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This episode of Real Engineering is brought to you by Brilliant, a problem solving website
that teaches you to think like an engineer.
Over the last 100 years, advancements in science and technology have allowed us to learn so
much about where we came from and how our planet has developed over time.
With our discoveries of old fossils, we know that life on Earth has existed for at least
3.5 billion years.
But with the Earth itself believed to have formed about 4.5 billion years ago, we still
have very limited knowledge on what caused life to form in the first place, and much
of the evidence on how it may have developed has actually been destroyed by the very life
that it created.
Sadly, we don’t have a time machine, but we can look for places in our solar system
that emulate early earth.
That’s where Saturn’s largest Moon ‘Titan’ comes into the picture.
Although it’s about half the size of Earth, Titan has the characteristics that we think
are very similar to Earth in its early days.
Titan has a thick atmosphere at around 4.4 times denser than Earth's, and is the only
Moon in the solar system to have any noticeable atmosphere at all[1].
Titan also has large pools of liquid which follow a similar cycle to the rivers and seas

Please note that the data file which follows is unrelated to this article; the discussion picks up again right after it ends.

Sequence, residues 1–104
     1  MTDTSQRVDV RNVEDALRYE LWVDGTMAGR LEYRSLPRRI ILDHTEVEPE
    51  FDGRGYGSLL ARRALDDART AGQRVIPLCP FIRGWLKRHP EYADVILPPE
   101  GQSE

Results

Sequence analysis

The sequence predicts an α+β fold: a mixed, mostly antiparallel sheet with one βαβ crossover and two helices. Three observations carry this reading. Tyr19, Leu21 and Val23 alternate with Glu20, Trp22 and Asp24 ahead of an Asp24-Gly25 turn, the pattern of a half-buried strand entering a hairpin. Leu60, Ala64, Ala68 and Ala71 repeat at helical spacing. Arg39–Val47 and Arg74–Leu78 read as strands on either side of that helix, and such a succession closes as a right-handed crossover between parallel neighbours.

we have here on Earth.
But, instead of water, Titan has seas of methane which evaporate into clouds, causing it to
rain liquid methane.
In terms of scientific information, Titan is a gold mine for scientists.
But sadly, it’s extremely difficult to get to and because it’s entirely covered in
clouds of methane, it’s nearly impossible to study the surface from a distance[2].
In 1997, a collaboration between NASA, the European Space Agency and the Italian Space
Agency launched the Cassini space probe on a 7 year journey to reach Saturn.
The probe was designed to study the entire Saturn system including its rings and natural
satellites.
But Cassini didn’t make the 7 year journey on its own.
Attached to the space probe was a small lander called Huygens which was hoping to become
the first spacecraft to land on Titan.
Several months after entering Saturn’s orbit, Huygens separated from Cassini and started
its journey towards Titan[3].
And began sending back vital details about Titan’s environment, like the fluid properties
of the atmosphere and the nature of the moon's surface.
As it descended Huygens recorded accelerometer data, which could be used to deduce properties
like density of the fluid as we knew the aerodynamic properties of the probe.
It took temperature and pressure readings to teach us about the thermodynamic properties
of the atmosphere.
[16] After two and a half hours of descending through the unknown, Huygens successfully
landed on the surface, making it the furthest spacecraft landing from Earth ever completed.